UBC Theses and Dissertations

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UBC Theses and Dissertations

Wind tunnel simulations of the atmospheric boundary layer De Croos, Kenneth A.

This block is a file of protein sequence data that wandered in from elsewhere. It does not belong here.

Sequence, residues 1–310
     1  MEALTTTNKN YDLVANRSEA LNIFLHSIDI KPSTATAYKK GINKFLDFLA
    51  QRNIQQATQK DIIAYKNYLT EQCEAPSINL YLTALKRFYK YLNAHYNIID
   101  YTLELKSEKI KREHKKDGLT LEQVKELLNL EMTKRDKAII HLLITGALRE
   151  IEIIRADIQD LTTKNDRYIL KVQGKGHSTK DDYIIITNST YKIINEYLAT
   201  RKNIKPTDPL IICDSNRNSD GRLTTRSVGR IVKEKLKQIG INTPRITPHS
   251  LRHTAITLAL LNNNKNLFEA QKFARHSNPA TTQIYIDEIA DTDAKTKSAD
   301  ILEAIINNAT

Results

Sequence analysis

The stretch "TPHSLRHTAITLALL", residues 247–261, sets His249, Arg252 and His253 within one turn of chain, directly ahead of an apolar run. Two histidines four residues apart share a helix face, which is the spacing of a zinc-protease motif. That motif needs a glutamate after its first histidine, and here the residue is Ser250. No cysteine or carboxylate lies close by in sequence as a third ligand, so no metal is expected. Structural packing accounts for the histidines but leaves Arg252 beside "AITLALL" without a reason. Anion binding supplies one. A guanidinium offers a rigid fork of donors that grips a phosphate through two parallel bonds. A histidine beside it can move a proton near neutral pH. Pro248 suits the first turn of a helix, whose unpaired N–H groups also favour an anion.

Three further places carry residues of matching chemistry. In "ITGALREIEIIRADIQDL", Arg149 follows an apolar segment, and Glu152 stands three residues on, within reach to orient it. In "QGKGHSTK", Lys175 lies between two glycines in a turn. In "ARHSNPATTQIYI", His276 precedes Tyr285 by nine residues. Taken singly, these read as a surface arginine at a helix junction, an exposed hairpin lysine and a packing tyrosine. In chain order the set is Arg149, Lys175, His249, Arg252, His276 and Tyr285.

The velocity profile shape and boundary layer thickness of an equilibrium boundary layer grown over a long fetch of roughness are closely matched with those of a boundary layer artificially thickened using spires (by adjusting the shape and height of the spires). Other turbulent characteristics of these two wind tunnel simula tions of the atmospheric wind are then compared. At the same time, more information on rough wall boundary layers is obtained to allow for a rational choice of the shape and spacing of roughness elements required to produce a particular simulation of the full scale boundary layer. A technique for calculating the shape of boundary layers in exact equilibrium with the roughness beneath, using a data correlation for the wall stress associated with very rough boundaries and a semi-empirical calculation method, is examined experimentally. Wall shear stress, measured directly from a drag plate, i combined with boundary layer integral properties to show that the shear stress formula is reasonably accurate and that the boundary layer grown over a long fetch of roughness is close to equilibrium after passing over a streamwise distance equal to about 350 times the roughness element height. The boundary layer quickly generated using spires proved to be a fair approximation to that grown over a long fetch of roughness, but did not accurately represent the longitudinal turbulence intensity of the full scale atmospheric wind or the naturally grown boundary layer. The boundary layer produced here by spires showed little change in gross characteristics after travelling about eight spire heights downstream of the spires. A distance of six or seven such heights has been advised by other workers in the past.

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